WiFi Performance

Wireless connectivity remains unchanged from last year's model. Broadcom is on 802.11n WiFi duty with its BCM4322. Both 2.4GHz and 5GHz bands are supported. The same 2x2:2 configuration (2 send and receive antennas with 2 spatial streams) remains from last year as well.

I ran the 13-inch MacBook Air through the same three location WiFi test that I put the rMBP and 2011 MBP through, on both 5GHz and 2.4GHz. Performance on 2.4GHz was unusually low on the Netgear WNDR4500 I usually test with (10 - 20Mbps regardless of location) so I had to switch to the previous generation Apple Time Capsule to ensure there was nothing wrong with the notebook itself. All of the 2.4GHz MBA numbers have a star next to them to indicate that they aren't totally comparable as they're using a different AP. The 5GHz numbers all came from the Netgear however.

  Location 1 Location 2 Location 3
2011 MacBook Pro (2.4GHz) 124.0 Mbps 12.6 Mbps 61.6 Mbps
Retina MacBook Pro (2.4GHz) 117.9 Mbps 87.6 Mbps 44.0 Mbps
2012 MacBook Air (2.4GHz) 95.7 Mbps* 75.2 Mbps* 31.2 Mbps*
2011 MacBook Pro (5GHz) 186.8 Mbps 154.6 Mbps 24.7 Mbps
Retina MacBook Pro (5GHz) 227.7 Mbps 156.8 Mbps 33.7 Mbps
2012 MacBook Air (5GHz) 159.4 Mbps 97.0 Mbps -

Overall WiFi performance is decent but obviously not as good as what you get from a MacBook Pro. Looking back at the results I almost wonder if the 2011 MBP wasn't showing some of these weird 2.4GHz issues on the Netgear router as well.

In the best conditions on 5GHz you can hit around 160Mbps, but you pretty much have to be right next to a good AP for that to work. Across a large room or in an adjacent one just under 100Mbps is possible on 5GHz as well. Go further out and you'll have to switch over to 2.4GHz.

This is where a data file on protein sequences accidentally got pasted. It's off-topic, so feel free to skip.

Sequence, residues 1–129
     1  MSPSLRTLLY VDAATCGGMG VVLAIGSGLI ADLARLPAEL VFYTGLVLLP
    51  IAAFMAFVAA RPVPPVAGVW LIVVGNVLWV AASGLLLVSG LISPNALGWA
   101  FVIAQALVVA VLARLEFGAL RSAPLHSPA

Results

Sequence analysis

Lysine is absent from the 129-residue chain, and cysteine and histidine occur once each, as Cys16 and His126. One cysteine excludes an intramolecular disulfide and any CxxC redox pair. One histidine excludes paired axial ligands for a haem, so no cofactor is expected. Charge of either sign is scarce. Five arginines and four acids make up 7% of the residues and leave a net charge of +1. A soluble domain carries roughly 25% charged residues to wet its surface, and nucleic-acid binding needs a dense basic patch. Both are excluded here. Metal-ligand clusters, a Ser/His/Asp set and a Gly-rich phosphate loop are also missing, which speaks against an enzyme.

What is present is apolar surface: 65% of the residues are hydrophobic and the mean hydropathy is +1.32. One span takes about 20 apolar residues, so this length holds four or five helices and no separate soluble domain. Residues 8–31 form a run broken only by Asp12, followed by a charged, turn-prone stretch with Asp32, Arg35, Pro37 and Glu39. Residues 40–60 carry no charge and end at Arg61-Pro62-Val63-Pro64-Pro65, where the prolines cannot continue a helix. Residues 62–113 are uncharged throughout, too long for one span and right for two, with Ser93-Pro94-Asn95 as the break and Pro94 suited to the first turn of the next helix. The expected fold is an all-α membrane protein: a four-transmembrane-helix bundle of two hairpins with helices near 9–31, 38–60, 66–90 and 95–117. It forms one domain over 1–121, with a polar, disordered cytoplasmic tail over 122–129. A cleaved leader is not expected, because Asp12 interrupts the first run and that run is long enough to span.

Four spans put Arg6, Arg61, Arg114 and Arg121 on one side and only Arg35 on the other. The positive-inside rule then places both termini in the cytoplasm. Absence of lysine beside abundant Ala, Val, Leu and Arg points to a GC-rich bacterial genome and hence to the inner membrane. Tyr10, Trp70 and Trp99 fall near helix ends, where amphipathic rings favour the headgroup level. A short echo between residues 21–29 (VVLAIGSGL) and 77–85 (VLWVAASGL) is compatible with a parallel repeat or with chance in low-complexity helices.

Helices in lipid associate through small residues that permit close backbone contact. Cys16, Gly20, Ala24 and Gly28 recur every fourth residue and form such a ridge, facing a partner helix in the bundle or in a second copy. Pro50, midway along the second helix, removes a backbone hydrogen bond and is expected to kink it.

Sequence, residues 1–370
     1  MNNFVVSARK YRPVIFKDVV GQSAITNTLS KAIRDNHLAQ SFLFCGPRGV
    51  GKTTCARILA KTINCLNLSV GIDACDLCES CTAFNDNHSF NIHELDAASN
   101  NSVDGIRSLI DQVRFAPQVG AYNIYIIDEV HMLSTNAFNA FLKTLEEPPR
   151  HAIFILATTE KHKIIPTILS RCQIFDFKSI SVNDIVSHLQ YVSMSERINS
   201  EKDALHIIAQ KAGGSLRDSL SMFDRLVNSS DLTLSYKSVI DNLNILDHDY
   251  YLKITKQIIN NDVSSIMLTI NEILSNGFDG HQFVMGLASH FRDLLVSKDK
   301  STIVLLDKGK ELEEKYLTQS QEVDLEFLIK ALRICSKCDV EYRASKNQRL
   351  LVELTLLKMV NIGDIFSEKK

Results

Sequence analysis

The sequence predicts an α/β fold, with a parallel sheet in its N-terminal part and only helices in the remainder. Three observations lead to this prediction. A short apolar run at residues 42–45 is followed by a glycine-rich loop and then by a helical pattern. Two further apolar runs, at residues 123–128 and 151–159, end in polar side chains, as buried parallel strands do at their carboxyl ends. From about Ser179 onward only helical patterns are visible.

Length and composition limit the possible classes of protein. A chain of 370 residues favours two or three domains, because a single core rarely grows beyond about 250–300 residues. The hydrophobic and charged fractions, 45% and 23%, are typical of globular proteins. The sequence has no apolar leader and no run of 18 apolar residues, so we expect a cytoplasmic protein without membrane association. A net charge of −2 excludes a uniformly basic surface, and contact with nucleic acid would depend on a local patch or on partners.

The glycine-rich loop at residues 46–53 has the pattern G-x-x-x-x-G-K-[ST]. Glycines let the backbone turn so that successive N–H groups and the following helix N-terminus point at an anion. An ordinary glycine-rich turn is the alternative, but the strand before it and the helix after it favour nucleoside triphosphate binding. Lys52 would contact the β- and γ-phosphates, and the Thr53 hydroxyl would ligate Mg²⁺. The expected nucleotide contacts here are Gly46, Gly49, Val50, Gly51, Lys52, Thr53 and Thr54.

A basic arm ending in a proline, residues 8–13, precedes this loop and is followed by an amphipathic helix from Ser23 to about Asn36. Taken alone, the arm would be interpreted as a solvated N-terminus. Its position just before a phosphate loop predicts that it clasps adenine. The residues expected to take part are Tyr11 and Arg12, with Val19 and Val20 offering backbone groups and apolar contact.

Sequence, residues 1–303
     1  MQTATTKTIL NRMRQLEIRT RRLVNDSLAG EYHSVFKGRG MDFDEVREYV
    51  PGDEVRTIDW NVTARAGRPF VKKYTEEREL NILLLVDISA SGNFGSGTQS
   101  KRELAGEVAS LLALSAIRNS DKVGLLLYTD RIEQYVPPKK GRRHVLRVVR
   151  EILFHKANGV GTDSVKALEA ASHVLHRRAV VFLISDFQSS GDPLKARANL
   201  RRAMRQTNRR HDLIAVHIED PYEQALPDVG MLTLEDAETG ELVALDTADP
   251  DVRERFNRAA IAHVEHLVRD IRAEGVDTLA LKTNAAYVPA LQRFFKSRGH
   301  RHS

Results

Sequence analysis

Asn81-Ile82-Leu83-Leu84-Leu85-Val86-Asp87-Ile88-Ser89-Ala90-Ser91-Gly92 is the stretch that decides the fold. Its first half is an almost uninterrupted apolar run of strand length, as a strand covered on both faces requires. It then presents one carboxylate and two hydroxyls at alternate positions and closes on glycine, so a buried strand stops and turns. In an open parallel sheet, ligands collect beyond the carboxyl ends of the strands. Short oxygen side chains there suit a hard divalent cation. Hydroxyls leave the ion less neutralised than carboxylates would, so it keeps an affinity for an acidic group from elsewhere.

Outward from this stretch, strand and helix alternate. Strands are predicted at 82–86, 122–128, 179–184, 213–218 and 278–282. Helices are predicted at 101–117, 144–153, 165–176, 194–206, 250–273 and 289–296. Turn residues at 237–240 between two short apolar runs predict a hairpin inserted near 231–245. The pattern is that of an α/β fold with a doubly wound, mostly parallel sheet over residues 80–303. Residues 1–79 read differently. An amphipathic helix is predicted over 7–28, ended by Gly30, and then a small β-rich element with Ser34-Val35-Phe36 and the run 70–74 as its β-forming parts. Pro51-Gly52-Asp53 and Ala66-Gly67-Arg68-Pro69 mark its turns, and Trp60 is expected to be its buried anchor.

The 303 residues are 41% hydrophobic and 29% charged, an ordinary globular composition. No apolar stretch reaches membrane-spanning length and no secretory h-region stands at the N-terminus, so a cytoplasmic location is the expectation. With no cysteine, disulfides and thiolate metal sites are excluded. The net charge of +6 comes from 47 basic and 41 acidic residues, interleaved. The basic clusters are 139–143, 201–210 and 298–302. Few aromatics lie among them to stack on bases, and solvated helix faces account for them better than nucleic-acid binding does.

There are no wired network options by default, however Apple's Thunderbolt to Gigabit Ethernet adapter works just fine on the new Air as well as the rMBP.

MagSafe 2

MagSafe 2 makes an appearance on the new MacBook Air, although it's curiously absent from the non-retina MacBook Pro. Eventually I'd expect all Macs to use MagSafe 2. The current state of things is likely temporary fragmentation. Similar to the rMBP, the actual power adapters themselves haven't changed: 45W is all you need for both systems.

Ivy Bridge on Air

Apple keeps its CPU options pretty simple and straightforward. You get a choice of three different CPUs, all dual-core, all rated at a 17W TDP. The Core i5-3317U comes standard in the 11, the i5-3427U comes with the 13, and both systems can be upgraded to the Core i7-3667U.

The breakdown between the chips is below:

Apple 2012 MacBook Air Comparison
  1.7GHz dual-core 1.8GHz dual-core 2.0GHz dual-core
Standard On 11-inch MBA 13-inch MBA Optional for Both
Intel Model Core i5-3317U Core i5-3427U Core i7-3667U
Base Clock Speed 1.7GHz 1.8GHz 2.0GHz
Max SC Turbo 2.6GHz 2.8GHz 3.2GHz
Max DC Turbo 2.4GHz 2.6GHz 3.0GHz
L3 Cache 3MB 3MB 4MB
AES-NI Yes Yes Yes
VT-x Yes Yes Yes
VT-d Yes Yes Yes
TDP 17W 17W 17W
Processor Graphics Intel HD 4000 Intel HD 4000 Intel HD 4000
GPU Clock (Base/Max) 350/1050MHz 350/1150MHz 350/1150MHz

The Core i7 upgrade is likely worth it if this is going to be your primary system for an extended period of time, particularly if it's acting as a desktop replacement. As a mobile device the standard CPUs are quite fast. If you're an annual upgrader, save your money, but if you're going to hold onto the system for a while and do a lot of heavy work on it, the upgraded CPU is probably worth it.

There is a known bug with the upgraded CPU under Windows today. Turbo Boost is disabled under Windows on the 3667U, although it's fully functional under OS X. Apple is aware of the problem and I'd expect a fix at some point, but there's no indication of when.

Introduction The Display
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  • flying_butt_pliers - Monday, July 16, 2012 - link

    Wow, superb on the UX32, Anand! Just what I was in the market for. Bonus points if you can run the Photoshop speed test in your review (perty please).

    I'm currently looking at this beauty to be my desktop replacement (for photo retouching) soon hopefully with a swapped out SSD instead of the hybrid drive and upgraded RAM.
    Reply
  • kmmatney - Monday, July 16, 2012 - link